Third-party-logistics warehouses have been gaining popularity in recent years mainly due to their ability to buffer the material flow along a supply chain and consolidate the products from various suppliers, which has a major impact on supply chain efficiency. The issues and challenges in warehouse management are similar in many ways to those faced in manufacturing control, resilience and adaptability being two such issues. Since distributed intelligence approaches have been extensively studied to address such issues in the manufacturing control, this examines the possible adoption of distributed intelligence approaches in warehouse management systems.
An increasing number of companies are outsourcing their logistics, especially warehouse functions, to third party logisticsproviders. In comparison to traditional transport and warehousing services, third party logistics are more complex and encompass a broader number of functions due to the need to adapt to different customer-specific requirements. Therefore, as third party logistics continue to expand, higher performance is required from their warehouses, including tighter inventory control, shorter response time and managing a greater product variety. In particular, these improvements are subject to different customers whose requirements vary i.e. third party logistics are required to be more customer-oriented in order to be more responsive to orders with different requirements in an efficient manner.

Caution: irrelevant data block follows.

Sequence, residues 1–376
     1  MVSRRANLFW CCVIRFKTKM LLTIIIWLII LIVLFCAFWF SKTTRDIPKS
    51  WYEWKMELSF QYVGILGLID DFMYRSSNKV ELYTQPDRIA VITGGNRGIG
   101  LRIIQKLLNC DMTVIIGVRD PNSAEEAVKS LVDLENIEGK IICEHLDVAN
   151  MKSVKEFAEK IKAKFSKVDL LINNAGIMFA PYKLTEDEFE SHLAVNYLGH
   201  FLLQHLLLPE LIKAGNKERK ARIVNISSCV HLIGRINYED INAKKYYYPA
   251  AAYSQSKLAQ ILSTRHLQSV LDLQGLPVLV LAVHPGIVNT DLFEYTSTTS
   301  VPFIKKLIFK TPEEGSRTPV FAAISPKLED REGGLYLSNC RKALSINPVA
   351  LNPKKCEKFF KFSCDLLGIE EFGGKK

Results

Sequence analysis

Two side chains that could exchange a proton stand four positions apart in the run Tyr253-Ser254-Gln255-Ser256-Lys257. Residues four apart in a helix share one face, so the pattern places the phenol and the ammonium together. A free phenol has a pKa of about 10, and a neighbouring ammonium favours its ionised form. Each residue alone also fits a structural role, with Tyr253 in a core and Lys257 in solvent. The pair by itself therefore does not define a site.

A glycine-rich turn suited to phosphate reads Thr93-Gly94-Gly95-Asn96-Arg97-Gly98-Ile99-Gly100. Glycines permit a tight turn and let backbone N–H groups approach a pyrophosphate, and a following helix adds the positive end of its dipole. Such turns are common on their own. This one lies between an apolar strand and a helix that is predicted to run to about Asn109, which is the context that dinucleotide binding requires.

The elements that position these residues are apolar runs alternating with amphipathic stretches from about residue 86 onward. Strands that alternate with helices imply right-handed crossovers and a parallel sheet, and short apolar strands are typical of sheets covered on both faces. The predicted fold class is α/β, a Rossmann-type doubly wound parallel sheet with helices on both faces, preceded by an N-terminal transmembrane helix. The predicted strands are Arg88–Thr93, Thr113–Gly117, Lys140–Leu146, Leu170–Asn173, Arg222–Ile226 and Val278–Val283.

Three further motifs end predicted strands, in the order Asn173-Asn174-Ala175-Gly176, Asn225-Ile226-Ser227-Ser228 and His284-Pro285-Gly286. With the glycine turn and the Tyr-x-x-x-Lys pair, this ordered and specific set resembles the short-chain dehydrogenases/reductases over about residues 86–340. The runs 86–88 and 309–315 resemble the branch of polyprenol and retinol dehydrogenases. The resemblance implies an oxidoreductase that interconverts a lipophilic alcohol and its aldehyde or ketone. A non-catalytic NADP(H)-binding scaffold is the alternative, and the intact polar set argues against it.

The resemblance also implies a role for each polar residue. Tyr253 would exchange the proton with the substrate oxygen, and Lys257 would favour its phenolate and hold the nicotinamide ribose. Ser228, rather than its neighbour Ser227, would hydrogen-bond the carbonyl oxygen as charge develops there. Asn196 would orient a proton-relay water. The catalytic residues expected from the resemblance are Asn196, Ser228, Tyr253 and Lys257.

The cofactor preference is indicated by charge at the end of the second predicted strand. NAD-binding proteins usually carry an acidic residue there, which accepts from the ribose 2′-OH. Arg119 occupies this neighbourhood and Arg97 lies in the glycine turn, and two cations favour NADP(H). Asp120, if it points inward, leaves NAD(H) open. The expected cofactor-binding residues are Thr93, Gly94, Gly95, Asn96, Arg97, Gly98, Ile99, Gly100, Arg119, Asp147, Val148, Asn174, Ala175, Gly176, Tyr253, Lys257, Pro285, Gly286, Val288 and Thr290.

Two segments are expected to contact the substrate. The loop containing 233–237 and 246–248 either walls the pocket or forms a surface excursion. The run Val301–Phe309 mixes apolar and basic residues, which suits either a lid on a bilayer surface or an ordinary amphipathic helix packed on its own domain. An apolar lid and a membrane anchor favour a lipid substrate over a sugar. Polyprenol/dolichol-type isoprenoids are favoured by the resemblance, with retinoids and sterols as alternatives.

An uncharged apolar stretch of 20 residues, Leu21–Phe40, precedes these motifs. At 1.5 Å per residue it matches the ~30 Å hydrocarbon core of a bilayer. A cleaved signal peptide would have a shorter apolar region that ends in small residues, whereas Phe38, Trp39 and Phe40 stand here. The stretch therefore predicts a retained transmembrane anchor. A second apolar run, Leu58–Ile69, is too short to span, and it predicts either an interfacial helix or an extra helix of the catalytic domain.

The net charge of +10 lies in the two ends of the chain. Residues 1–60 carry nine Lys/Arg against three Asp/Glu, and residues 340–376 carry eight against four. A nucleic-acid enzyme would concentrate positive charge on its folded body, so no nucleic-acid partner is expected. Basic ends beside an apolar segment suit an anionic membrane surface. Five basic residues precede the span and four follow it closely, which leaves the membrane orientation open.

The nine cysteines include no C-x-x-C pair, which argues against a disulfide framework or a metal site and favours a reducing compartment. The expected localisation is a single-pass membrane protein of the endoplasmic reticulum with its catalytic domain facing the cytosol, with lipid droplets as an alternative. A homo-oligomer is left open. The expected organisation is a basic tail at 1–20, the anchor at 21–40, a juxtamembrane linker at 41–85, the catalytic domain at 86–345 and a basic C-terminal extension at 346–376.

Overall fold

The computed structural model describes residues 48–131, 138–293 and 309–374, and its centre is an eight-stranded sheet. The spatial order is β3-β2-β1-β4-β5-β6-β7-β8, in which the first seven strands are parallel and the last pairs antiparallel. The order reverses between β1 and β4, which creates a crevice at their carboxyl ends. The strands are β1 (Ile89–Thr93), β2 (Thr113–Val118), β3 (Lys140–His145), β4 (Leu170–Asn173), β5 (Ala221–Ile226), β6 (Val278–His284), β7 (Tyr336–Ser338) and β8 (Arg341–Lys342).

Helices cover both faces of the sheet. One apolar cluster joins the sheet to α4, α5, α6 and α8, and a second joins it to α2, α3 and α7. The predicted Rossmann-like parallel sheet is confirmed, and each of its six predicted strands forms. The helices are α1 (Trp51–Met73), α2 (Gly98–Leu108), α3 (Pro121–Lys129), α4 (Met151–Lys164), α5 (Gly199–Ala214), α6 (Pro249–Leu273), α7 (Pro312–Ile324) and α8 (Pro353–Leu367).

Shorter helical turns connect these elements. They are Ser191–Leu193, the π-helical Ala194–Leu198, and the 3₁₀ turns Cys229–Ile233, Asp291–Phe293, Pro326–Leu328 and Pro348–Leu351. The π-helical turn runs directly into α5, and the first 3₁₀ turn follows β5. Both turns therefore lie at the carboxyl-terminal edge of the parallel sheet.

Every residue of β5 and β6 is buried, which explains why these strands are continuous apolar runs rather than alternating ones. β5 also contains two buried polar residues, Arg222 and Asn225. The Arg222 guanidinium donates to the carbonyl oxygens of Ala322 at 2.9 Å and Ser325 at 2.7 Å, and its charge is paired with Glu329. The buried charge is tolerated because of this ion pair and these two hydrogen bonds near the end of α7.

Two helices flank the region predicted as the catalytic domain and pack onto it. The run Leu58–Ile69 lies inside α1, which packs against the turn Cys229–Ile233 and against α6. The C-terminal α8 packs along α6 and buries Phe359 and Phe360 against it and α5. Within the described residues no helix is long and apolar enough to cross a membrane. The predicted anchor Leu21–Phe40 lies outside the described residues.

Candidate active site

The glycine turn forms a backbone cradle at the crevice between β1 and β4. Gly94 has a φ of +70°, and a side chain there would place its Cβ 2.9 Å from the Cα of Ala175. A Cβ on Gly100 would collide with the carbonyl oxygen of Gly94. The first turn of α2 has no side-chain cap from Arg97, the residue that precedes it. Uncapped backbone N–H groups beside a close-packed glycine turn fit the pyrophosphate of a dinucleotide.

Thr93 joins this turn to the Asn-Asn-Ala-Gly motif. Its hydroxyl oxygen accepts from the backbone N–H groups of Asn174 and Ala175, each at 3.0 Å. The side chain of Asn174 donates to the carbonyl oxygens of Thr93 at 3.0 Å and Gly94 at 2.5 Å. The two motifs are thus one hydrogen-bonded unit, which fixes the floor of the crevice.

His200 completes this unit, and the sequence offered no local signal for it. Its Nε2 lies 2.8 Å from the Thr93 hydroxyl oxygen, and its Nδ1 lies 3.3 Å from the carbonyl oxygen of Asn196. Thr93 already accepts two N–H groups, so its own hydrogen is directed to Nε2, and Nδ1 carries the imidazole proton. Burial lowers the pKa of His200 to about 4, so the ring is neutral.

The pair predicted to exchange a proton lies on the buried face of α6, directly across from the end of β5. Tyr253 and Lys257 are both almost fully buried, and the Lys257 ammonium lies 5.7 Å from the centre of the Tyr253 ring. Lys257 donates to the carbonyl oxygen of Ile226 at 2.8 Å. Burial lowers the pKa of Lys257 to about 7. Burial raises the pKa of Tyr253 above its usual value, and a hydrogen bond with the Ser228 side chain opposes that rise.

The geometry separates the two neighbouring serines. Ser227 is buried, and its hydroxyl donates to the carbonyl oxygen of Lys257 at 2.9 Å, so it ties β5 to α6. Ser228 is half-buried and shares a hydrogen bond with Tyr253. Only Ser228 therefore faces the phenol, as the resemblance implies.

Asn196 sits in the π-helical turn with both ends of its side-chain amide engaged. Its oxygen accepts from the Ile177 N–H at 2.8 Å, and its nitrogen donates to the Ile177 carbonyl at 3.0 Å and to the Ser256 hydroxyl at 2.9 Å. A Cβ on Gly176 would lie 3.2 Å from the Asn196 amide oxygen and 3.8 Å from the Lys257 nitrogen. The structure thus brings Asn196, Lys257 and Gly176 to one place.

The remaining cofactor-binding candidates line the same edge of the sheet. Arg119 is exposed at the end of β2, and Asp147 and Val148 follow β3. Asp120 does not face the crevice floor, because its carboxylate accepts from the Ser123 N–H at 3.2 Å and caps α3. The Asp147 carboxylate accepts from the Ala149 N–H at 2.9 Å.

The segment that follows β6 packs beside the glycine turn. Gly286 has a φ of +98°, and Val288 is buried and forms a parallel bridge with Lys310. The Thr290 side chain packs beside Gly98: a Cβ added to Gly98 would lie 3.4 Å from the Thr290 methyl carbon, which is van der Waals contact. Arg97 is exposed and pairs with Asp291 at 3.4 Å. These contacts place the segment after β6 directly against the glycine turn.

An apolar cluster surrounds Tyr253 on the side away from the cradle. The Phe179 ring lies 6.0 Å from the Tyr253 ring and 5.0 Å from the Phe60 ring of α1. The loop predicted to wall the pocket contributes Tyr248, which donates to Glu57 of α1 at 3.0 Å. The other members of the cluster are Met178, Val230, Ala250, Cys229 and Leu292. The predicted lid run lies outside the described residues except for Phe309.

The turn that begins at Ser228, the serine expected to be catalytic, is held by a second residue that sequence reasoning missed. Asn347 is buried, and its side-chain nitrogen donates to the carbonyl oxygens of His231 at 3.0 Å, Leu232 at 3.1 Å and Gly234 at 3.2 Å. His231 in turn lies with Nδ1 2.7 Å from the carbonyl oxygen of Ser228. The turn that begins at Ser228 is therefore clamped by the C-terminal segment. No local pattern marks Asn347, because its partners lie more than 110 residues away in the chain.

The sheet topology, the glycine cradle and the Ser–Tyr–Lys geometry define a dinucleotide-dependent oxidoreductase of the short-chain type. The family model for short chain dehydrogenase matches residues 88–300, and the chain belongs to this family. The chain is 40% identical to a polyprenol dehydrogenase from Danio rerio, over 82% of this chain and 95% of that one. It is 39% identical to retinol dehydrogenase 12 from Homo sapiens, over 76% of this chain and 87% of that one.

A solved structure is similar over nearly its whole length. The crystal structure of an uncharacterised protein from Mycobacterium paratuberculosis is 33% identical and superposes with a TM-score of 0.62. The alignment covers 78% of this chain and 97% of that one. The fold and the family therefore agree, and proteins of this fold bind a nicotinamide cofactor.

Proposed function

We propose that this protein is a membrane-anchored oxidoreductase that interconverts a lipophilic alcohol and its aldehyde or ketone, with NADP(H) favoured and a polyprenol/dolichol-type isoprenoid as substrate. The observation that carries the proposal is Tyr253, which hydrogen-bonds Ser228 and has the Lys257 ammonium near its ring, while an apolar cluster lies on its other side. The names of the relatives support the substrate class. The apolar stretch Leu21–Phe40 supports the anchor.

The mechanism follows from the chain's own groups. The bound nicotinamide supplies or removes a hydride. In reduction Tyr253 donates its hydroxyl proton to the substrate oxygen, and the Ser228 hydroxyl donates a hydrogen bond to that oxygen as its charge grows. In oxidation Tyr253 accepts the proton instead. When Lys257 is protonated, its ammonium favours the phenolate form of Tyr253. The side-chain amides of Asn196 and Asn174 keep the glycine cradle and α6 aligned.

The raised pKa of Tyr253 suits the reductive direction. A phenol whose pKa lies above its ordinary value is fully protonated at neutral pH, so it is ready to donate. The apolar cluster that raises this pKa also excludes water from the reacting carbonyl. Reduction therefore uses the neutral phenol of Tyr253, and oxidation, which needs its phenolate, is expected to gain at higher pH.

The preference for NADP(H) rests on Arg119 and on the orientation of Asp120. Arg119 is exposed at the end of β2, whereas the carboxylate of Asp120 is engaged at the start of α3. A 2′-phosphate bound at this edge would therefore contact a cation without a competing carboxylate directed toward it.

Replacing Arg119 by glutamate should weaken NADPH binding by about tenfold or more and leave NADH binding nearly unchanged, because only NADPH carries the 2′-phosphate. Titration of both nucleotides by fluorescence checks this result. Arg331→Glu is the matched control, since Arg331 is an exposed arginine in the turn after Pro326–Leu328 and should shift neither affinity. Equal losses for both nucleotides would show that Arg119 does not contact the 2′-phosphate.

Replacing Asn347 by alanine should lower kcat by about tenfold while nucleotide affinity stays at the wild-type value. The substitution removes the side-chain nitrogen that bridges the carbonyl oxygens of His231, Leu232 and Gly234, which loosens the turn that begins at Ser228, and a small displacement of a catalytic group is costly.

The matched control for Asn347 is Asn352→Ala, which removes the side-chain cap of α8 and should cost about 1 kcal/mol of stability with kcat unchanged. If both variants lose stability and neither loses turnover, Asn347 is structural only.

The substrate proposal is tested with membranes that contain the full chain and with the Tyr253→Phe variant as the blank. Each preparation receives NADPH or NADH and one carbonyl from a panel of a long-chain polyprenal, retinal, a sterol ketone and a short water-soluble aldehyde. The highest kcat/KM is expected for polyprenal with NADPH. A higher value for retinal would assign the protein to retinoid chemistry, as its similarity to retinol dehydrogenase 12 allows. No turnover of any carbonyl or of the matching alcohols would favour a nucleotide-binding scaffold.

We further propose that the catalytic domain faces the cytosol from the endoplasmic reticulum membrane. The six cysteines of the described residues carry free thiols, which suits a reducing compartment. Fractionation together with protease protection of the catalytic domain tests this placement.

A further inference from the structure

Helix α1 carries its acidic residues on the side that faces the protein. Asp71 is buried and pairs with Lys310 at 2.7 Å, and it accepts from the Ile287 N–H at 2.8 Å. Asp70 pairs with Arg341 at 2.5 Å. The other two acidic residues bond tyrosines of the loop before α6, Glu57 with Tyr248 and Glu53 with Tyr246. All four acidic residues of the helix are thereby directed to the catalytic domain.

Similar demands have occurred in manufacturing control where flexible and lean manufacturing become the mainstream requirements for many production plants because of the inability to cope with a high degree of complexity and changes corresponding to the requirements, conventional centralized approaches applied to decision making in manufacturing control can be inadequate. Therefore, a new class of approaches, which adopts the concept of distributed intelligence, have been extensively studied in recent years.